Many businesses depend on the Christmas trade to get them through the winter months, and without that trade that creates a worry. We just hope the right financial assistance is provided to businesses to see them to spring.

What can you see for the future? 

I see this is as a very long winter for the hospitality industry, and sadly I see a lot of good businesses not making it out the other side. But the future is not written and a lot could be done to help the sector by the various national and devolved Governments in the UK and Ireland.

The Irish Government Budget has reduced VAT rates on hospitality, and this is welcome, but not a lot of help if restaurants can’t open in the first place. In Northern Ireland the new lockdown is understandable for health reasons but will mean huge financial and personal strain on people working in this sector, with little or no proper safety net for businesses or individuals.

I foresee many more job losses happening and that’s frightening for our industry, its people and the wider economy.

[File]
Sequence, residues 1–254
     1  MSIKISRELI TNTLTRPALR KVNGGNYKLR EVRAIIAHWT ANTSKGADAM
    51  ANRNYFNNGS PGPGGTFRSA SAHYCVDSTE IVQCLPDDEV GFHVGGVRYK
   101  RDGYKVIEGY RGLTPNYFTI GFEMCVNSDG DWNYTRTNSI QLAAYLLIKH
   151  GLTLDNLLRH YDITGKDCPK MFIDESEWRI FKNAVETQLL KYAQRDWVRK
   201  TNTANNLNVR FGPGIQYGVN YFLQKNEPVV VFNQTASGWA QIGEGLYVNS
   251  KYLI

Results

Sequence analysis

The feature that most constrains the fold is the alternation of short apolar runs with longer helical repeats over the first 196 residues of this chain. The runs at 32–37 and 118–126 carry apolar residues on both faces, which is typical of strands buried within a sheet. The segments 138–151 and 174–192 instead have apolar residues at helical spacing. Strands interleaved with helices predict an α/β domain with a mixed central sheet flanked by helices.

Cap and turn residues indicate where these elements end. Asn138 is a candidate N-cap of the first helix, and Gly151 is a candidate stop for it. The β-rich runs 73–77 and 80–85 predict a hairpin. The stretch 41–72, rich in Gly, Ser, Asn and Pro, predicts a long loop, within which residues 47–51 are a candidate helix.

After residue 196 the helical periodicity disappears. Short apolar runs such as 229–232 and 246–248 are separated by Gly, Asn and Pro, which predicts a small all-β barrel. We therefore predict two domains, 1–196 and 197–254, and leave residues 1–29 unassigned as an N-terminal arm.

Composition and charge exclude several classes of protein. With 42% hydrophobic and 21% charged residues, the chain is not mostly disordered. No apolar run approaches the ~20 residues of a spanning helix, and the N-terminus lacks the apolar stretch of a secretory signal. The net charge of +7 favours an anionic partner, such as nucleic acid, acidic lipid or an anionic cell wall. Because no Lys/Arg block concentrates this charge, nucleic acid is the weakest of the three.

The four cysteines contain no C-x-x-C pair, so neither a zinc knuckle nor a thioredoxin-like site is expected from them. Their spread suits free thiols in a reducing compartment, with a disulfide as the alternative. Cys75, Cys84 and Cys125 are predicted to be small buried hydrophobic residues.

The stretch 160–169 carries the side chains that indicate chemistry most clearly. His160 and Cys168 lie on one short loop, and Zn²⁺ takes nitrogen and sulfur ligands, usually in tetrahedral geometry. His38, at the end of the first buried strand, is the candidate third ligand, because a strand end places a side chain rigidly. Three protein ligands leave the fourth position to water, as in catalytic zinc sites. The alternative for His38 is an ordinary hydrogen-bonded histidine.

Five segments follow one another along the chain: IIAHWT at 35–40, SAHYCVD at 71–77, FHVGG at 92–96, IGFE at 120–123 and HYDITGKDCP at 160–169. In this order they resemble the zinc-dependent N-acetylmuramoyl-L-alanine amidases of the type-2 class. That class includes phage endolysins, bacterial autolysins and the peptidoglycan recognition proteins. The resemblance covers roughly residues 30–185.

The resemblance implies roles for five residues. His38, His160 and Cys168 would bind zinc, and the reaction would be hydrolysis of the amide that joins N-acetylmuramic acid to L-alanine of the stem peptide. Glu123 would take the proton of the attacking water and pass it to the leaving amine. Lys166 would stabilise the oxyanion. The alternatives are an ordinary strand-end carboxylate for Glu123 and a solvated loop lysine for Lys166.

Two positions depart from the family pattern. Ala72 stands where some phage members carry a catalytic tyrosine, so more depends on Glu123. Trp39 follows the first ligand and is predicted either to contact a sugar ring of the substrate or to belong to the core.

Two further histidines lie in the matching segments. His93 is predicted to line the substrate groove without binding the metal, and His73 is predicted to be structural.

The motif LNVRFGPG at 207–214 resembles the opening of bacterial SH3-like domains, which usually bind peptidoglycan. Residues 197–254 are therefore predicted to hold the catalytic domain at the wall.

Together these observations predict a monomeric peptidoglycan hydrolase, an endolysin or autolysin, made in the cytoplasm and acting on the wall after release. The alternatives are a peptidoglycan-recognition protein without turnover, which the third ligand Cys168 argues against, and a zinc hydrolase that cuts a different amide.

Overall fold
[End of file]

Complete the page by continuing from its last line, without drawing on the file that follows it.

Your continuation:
Weddings and family occasions will bounce back quickly, as there will always be a demand. We will as an industry will bounce back slowly, but let’s hope not too much damage is caused along the way that cause causalities to our people and establishments along the way. 
Simply surviving past this Christmas season is the key target for many!

How can the industry be helped, jobs saved and even created?

There are still some good news stories happening, little and far between and definitely not enough to shake our economy though.

It’s positive that locally, Woodlab Distillery, makers of well-known Armagh Symphonia Gin, have recently opened a Gin tourist attraction in Moy, providing tours of the distillery. This is bringing a new concept to the Armagh tourist market, a product for locals and tourists to experience.

Hospitality requires additional support in terms of extended furlough for our industry, curfew removed to allow second sittings in restaurants and people to have some kind of life back.

We also need the industry to look after the staff we have retained, as when we come out the other side I see a bounce back quickly, especially in the luxury sector and we will need those strong leaders and staff in place to deal with the demand.

We need to remember it’s not just hospitality venues being impacted, it’s the supply chain also – the suppliers from drinks to supplying menu covers, are all feeling this impact of the downturn and job losses.

We all have our part to play when visiting hospitality establishments, to adhere to all guidelines and act responsibility.

Support when and where we can and supporting local is key now more than ever!